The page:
WHAT IS THE ASSET?
An Automated Teller Machine (ATM) is a machine that allows customers to complete a wide range of banking transactions, such as transfers, withdrawals, paying bills, and deposits without the assistance of a bank associate. Often, they are owned by a private equity fund that pools their investors’ money to purchase a collection of ATMs, with returns shared by investors over a specified period of time.
ATM funds have one of the most unique business models out of any niche in this e-book. To illustrate, let’s do a quick review. High-equity life insurance policies provide a slow and steady approach to building wealth. Life insurance settlements are a long-term diversification play banking on the one thing in life that’s guaranteed: death. Apartment buildings are an investment on the favorable trend of renters over homeowners and usually provide a combination of appreciation and cash flow. But if you’re looking for a pure cash flow investment, look no further. ATM funds are a cash flow play on steroids, thanks to the aggressive contractual rate of return to the investor. For this reason, they are a great complement to investments that don’t provide cash flow right away.
ATMs usually operate 24/7/365, allowing customers to bank whenever is convenient for them, even outside of traditional banking hours. In exchange for the convenience of using an ATM, the operator usually charges a set fee to the customer, except in the case where fees are waived as a member benefit to existing bank customers. The same courtesy is also sometimes extended by some smaller banks and credit unions with limited locations. According to Moneyrates.com, the average fee to withdraw cash from an out-of-network ATM in 2019 was $4.61. These fees can add up to $240 per year for a customer that uses an out-of-network machine weekly. According to an FDIC survey, an estimated 5.4% or 7.1 million U.S. households were unbanked in 2019, meaning that they didn’t hold a checking or savings account with a traditional banking institution. Even within the banked population, a staggering 19.5% of households preferred using the ATMS as their primary tool for taking care of banking needs. This represents a large ATM customer pool for the foreseeable future.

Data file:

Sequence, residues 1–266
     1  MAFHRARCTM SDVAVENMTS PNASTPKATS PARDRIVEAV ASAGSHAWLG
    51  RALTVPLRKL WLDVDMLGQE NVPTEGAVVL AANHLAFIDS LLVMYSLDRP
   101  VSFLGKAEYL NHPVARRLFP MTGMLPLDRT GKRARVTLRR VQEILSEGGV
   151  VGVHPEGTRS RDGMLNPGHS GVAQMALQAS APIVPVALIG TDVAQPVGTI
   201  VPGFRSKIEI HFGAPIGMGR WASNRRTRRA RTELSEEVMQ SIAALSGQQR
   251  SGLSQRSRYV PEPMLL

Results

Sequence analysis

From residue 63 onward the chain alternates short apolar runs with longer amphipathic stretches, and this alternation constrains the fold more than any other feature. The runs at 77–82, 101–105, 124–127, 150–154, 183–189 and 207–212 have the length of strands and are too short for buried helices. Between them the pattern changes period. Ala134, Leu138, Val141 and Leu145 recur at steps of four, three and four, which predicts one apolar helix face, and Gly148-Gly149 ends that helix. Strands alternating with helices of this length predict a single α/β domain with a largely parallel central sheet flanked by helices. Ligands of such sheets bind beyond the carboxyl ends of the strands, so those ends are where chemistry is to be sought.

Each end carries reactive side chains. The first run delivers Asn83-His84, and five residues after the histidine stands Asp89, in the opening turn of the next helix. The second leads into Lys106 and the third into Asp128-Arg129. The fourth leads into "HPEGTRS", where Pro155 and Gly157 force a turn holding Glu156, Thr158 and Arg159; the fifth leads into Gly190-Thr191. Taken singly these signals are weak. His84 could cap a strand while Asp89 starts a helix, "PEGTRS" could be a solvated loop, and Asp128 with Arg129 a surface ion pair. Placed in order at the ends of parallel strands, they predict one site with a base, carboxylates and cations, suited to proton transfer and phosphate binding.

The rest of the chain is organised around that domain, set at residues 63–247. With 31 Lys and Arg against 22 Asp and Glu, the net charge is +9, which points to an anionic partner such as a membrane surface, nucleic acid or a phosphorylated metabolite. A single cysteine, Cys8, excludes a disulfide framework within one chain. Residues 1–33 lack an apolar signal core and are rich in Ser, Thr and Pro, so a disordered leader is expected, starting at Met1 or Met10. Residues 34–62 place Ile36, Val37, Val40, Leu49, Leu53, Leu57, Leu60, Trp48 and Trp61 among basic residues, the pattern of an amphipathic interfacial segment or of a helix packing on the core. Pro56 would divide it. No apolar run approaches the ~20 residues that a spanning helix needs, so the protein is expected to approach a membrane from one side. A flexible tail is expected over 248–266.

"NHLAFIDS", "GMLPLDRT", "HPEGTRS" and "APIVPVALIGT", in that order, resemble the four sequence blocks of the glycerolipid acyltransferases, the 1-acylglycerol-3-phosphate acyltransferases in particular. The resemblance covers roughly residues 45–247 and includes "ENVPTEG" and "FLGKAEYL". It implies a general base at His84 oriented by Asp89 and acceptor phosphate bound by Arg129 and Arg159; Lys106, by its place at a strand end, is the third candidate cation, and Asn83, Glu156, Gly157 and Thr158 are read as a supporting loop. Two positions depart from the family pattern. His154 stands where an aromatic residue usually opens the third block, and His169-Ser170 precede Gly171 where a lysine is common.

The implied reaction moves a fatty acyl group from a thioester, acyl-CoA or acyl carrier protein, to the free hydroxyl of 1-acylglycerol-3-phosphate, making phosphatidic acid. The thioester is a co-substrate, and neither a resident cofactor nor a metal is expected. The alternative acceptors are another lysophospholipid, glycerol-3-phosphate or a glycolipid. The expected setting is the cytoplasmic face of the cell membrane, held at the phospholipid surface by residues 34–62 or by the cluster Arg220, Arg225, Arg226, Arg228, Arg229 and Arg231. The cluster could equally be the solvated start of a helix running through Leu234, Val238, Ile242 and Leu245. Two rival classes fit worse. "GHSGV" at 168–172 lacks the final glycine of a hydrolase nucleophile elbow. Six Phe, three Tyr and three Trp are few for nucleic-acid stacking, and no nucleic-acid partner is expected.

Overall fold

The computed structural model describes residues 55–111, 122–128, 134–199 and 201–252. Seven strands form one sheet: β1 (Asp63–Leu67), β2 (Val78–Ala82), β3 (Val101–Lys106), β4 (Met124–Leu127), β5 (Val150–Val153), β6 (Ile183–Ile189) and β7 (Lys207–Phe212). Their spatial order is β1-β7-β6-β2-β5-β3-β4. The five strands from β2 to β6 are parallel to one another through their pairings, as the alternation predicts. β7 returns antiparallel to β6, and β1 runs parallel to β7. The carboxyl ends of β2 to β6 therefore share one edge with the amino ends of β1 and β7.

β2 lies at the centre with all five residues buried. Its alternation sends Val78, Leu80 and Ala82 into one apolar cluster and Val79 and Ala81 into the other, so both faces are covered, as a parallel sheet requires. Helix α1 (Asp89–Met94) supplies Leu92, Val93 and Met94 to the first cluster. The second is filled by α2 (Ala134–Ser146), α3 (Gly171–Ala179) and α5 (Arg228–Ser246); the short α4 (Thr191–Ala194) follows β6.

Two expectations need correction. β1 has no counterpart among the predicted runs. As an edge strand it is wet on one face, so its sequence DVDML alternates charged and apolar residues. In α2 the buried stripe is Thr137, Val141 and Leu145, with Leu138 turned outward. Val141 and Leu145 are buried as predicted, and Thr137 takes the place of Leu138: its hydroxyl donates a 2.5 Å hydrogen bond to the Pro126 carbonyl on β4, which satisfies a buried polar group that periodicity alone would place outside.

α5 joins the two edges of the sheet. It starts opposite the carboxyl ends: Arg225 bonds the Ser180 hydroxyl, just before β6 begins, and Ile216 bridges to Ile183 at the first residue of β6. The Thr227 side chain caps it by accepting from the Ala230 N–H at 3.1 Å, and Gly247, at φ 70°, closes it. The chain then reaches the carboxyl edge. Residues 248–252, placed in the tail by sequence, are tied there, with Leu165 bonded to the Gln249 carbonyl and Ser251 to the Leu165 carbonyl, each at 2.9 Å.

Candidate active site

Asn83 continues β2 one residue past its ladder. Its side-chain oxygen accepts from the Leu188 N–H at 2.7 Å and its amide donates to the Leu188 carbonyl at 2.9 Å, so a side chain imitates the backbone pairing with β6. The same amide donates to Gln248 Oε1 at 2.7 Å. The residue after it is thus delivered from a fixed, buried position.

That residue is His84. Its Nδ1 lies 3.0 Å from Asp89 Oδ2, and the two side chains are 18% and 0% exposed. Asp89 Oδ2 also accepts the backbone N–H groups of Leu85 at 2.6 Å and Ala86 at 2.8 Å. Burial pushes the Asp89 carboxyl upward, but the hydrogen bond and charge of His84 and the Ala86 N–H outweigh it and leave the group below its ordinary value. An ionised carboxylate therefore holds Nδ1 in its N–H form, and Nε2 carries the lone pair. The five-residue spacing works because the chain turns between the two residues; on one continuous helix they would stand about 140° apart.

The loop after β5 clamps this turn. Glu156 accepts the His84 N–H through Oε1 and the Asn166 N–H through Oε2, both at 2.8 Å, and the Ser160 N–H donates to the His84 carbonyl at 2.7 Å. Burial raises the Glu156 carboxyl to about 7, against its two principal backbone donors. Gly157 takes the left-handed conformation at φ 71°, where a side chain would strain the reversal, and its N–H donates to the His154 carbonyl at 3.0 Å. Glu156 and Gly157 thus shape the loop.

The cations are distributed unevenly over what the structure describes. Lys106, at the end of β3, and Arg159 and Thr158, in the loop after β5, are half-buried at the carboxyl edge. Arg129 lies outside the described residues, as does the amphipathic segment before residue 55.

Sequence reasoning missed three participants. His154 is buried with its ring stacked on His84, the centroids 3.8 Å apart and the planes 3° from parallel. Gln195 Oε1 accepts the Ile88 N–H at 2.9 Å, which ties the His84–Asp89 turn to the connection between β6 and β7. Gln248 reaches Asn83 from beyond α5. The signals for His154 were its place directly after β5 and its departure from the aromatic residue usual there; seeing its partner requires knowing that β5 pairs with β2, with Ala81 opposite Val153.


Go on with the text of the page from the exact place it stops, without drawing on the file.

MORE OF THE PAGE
An ATM machine may be owned by a bank, credit union, or private investment entity. Because ATMs are expensive and become technologically obsolete after only seven years, most larger retailers and even some financial institutions outsource to private entities that place ATM machines at their location and split the fees. While a private entity may be a private investor, the contracts that a single investor may procure are typically limited to a small convenience store or comparable outlet. Large corporate entities, like national pharmacy chains, contract with larger private equity funds that specialize in ATMs. As an investor, whether or not you invest in an ATM fund or individual machine, your due diligence will vary based on how the investment is structured. For the purposes of this book, we will focus on the ATM fund model.